‘The nation-state badly needs a heritage narrative’: Sterling

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This came up in Bruce Sterling and Jon Lebkowski’s annual State of the World chat this year.

“…the nation-state badly needs a heritage narrative. If you don’t have one that compels respect, then you’re not a nation-state, and you get turned into a [laundry money].

“In 2017 a lot of heritage narrative started to appear within the post-Brexit Europe. Pro-EU guys, who used to be very colorless, technocratic, as invisible and as function-centric as possible, started raising their heads over the parapet and talking about World War II. About historic missions, ever-greater union, mistakes that would be regretted for a generation — a very temporal, linear narrative, asserting that the EU is an advance, that it must move forward, that heretics and dropouts from Europe would be abandoned, like deadbeats kicked off a moving train.

“So the EU, which was about market regulations, turned into European history again. Some tautly argued history, too: this happens, that happens, this happens because of that. ‘Atemporality’ is a lot more loose, emergent, and multi-causal than that. Atemporality is like an open-source, flat-world, marketplace of meaning where people place meme-bids.”

I have been thinking something similar – and about what a challenge a bigger, lasting meta-narrative is in the current media environment. I have something written about this but haven’t had time to publish. Eventually…

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WikiLeaks takes aim at Michael Wolff’s book Fire and Fury, posts link to manuscript

Radical transparency site WikiLeaks has gone after author Michael Wolff following the publication of a controversial book that puts the Trump White House in an unflattering light.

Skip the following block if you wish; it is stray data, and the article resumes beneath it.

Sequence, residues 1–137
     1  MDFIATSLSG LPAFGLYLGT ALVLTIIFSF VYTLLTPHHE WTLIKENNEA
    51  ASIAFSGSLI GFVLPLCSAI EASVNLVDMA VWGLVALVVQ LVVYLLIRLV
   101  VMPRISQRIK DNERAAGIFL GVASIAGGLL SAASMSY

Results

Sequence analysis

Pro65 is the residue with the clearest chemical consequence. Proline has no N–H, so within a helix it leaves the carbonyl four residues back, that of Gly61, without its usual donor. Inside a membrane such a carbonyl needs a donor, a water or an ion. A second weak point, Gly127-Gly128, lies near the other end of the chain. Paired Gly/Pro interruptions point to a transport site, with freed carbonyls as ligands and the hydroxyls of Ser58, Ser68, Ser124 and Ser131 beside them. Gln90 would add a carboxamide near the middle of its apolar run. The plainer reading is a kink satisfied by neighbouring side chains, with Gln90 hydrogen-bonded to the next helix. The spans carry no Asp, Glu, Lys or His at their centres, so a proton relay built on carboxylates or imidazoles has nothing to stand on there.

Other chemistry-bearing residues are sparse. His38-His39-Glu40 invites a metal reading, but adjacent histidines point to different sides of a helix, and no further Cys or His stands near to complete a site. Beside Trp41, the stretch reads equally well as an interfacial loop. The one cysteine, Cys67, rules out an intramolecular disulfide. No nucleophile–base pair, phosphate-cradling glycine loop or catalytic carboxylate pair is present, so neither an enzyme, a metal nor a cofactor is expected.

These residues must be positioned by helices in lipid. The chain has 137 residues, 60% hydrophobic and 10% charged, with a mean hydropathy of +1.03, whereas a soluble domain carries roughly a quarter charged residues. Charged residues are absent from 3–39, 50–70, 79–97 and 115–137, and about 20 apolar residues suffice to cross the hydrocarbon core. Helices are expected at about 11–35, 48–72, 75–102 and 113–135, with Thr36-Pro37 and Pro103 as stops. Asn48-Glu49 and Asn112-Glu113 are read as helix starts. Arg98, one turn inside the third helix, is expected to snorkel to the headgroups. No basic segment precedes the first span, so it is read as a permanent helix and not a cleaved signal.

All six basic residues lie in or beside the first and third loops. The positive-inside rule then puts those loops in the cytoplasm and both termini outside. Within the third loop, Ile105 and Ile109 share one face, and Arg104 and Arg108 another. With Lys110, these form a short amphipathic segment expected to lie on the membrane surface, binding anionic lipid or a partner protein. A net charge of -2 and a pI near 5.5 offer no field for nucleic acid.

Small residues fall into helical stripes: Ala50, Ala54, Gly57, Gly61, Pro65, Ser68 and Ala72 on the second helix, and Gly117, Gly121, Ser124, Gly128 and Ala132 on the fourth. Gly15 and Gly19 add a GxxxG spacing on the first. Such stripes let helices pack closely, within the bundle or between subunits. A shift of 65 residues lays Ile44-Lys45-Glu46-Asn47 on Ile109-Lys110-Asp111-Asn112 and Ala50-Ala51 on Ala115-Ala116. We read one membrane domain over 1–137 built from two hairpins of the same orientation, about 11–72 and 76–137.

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​The Twitter account for the organisation published the link to the book by the New York-based media critic which has created a firestorm for US President Donald Trump over the past week…

Such moves to undermine the financial viability of the highly anticipated book echo the North Koreans’ hacking of Sony Pictures in 2014, when vast amounts of the company’s intellectual property was posted online in an act of aggression.

Read the full story here.

 

Cyber security vs information security – just saying (*)

From the British government’s response to General Assembly resolution 71/28 “Developments in the field of information and telecommunications in the context of international security” in July 2017.

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An articulation of the difference between cyber security and information security:

The United Kingdom continues to reiterate it will use its preferred terminology of ‘cyber security’ and related concepts throughout this submission. ‘Cyber security’ denotes efforts aimed at the preservation of confidentiality, availability and integrity of information in cyberspace, including the internet and other networks and forms of digital communication.

The term ‘information security’ may cause potential confusion as it is used by some countries and organisations as part of doctrine regarding information itself as a threat against which additional protection is needed. The United Kingdom does not recognise the validity of ‘information security’ when used in this context since it could be employed in attempts to legitimise controls on freedom of expression beyond the Universal Declaration on Human Rights (UDHR) and the International Covenant on Civil and Political Right (ICCPR).